The FDIC updated its 2009 figures (based on 2008 Census data) of who uses what kind of basic financial services and released them yesterday. It’s not just any four years later, but marks a period that represents significant change in the economy and individual American’s lives. What did we learn? Basically, there are more people who underutilize traditional financial institutions (banks and credit unions) and rely more significantly on alternative financial services (check cashers, payday lenders, etc) – but not dramatically more, 2011 vs 2008.
“More than one in four households (28.3 percent) are either unbanked or underbanked, conducting some or all of their financial transactions outside of the mainstream banking system.”
We’re talking about 68 million people. Honestly, this is smaller than I would have expected, but perhaps doesn’t yet fully reflect some of the regulatory changes that were introduced in the wake of the financial crisis. Certainly, bankers like Jamie Dimon, who have been crying foul that they will be forced to let go of their low-end customers as a result of draconian new rules seem overly dramatic. And the growth in prepaid and anger in banks, while real, are not as exaggerated as I had expected. I think this is good news for people who think of this segment as “underserved.” Relative to the dramatic times in which we live, even lower income people are maintaining a relative equilibrium in how – and with whom – they manage their day to day finances.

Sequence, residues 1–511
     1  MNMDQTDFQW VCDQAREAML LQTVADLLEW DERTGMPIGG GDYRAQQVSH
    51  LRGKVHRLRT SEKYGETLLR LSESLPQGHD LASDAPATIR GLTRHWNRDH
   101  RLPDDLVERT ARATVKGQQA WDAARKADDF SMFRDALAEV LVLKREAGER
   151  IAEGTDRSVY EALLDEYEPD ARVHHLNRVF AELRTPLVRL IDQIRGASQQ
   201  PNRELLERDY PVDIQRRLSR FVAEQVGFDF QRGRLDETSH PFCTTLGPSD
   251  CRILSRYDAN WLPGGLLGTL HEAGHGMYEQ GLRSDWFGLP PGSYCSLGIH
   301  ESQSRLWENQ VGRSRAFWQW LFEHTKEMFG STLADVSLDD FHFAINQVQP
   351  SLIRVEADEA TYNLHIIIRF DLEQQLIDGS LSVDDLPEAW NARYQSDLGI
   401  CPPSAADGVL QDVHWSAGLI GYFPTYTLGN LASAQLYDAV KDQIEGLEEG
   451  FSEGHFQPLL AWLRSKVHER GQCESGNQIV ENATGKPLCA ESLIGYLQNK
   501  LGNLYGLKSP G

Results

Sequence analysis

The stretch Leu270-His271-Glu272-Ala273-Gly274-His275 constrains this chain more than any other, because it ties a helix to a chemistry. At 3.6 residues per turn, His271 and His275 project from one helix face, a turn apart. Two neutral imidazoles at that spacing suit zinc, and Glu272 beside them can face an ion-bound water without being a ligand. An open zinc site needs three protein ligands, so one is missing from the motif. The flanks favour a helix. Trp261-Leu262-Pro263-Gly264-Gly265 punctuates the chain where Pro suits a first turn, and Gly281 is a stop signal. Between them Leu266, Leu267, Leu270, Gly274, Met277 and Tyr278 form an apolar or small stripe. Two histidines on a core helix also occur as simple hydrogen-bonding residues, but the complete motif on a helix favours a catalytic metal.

We will soon share an update on Core and CFSI’s market size for fees and interest charged to the underbanked, to show how the industry is changing at a more granular level.
Download the FDIC report here, if you’re interested.